Ruel:  When you have a platform like mine, being part of the conversation is really important to help normalise topics around mental health and to break down barriers. if you don’t have a traditional support system like so many people don’t, It’s about being able to reach those who are struggling and letting them know that it’s ok not to be ok, and you don’t have to go through it alone.

Happy:  With Lifeline’s 60th birthday and ‘The Release Line’ initiative, what do you find most inspiring about the work they’ve been doing for six decades?

Ruel:  Lifeline has played a huge role in breaking down stigmas around suicide and mental health. For a long time, mental health has been a taboo subject and it’s with this generation that people are starting to speak up. Hearing stories from Lifeline callers and the work thats done with suicide prevention has left me in awe of the impact Lifeline has had.

It’s incredible to think over the course of 60 years Lifeline has received over 23 millions calls from Aussies in need. All it takes is one call to make a difference to somebody’s life and I’m proud to work with Lifeline to encourage Aussies to call up the Release Line number (1300 004 002) or visit here to donate as little as $5 to help much needed funds, it’s really that easy.

Happy:  In your opinion, what role does music play in providing solace and support to individuals facing challenging times?

Ruel:  Since being in the industry, I’ve found I’m faced with fans who are really struggling, and they’ve told me my music gives them the courage to stay strong and keep going. It’s great to see what kind of impact my lyrics can have on a person and it’s those moments when you meet somebody you’ve inspired that I carry with me whenever I’m creating new music.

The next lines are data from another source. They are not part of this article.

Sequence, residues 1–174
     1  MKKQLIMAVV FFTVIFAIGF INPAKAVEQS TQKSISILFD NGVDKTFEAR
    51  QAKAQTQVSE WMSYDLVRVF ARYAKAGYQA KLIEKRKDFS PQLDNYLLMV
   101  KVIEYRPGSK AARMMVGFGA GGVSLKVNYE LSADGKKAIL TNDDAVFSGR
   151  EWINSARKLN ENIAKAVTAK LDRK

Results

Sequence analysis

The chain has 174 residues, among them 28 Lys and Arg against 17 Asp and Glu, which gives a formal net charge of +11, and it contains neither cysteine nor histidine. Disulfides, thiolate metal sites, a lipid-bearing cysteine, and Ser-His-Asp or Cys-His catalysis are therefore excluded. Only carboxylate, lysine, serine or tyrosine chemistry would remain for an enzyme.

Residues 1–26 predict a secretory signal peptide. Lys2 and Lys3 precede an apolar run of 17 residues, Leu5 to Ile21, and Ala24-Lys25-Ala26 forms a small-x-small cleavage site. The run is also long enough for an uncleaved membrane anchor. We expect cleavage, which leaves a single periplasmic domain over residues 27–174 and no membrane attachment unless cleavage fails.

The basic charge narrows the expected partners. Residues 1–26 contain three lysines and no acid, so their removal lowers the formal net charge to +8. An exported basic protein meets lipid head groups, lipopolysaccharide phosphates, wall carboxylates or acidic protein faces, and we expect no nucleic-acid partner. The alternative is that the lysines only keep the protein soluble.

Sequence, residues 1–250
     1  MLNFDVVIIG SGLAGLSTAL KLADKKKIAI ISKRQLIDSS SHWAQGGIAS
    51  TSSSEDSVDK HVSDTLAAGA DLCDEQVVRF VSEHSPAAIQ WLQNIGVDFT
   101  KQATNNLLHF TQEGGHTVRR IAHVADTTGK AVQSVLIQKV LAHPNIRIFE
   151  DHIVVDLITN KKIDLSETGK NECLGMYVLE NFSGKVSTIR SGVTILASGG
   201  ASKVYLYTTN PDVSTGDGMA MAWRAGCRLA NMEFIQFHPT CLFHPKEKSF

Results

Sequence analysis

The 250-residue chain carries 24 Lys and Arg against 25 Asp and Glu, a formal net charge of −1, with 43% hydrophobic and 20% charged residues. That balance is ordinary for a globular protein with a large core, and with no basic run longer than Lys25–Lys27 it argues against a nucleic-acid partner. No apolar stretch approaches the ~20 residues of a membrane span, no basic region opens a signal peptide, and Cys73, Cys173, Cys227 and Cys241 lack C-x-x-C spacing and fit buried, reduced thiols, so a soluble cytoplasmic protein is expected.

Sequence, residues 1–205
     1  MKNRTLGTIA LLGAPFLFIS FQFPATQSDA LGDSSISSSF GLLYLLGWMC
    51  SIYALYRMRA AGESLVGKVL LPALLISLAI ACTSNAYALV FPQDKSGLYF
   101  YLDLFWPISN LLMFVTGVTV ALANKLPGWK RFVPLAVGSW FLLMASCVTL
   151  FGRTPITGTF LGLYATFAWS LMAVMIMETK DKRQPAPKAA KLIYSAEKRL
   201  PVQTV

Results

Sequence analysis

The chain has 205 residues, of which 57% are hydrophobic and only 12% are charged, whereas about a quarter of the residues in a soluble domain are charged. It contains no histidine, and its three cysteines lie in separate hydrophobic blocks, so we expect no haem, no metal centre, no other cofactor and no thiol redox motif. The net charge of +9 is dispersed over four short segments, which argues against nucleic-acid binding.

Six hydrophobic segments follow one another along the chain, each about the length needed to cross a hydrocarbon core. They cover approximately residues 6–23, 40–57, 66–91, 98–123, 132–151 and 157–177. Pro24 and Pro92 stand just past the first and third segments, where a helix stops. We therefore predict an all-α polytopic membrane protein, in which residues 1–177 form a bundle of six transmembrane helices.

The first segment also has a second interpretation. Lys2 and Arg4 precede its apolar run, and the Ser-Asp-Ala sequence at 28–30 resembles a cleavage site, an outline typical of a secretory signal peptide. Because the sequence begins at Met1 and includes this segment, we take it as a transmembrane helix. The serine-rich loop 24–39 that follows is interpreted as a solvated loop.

Happy:  Reflecting on your journey as an artist, how has your perspective on mental health and well-being evolved over the years?

Ruel:  I’ve been lucky to know discussions on mental wellbeing were always encouraged in my social circle. I think if anything, the past few years have taught me that not everyone has had the same experience and it’s more important than ever to keep those conversations going.

Mental Health is not a trend, it’s a real human issue that affects us all and I want to continue participating in causes such as The Release Line to show more people how they can get involved and to keep sharing messages of support to Aussies in need.

Happy:  For those who may be struggling right now, what advice or words of encouragement would you offer them?

Ruel:  Please reach out. We hear you and you are not alone. The first and hardest part of recovery is saying it out loud. Whether that’s your friend, colleague or calling up a platform like Lifeline, sharing what you’re feeling and not bottling it up can seem scary but the reality is not talking to somebody can have a scarier outcome. 

Happy: Lastly, what makes you happy?

Ruel:  Being afforded a platform that’s helped me reach millions with my music and connect with people across the globe has been an incredible experience and one that I’m truly thankful for. Songwriting and performing has been my dream from a young age and I’m happy that I get to share my life through music.

To listen and donate as little as $5, call 1300 004 002 locally, or internationally on +61 2 8039 3349 or head to lifeline for more details.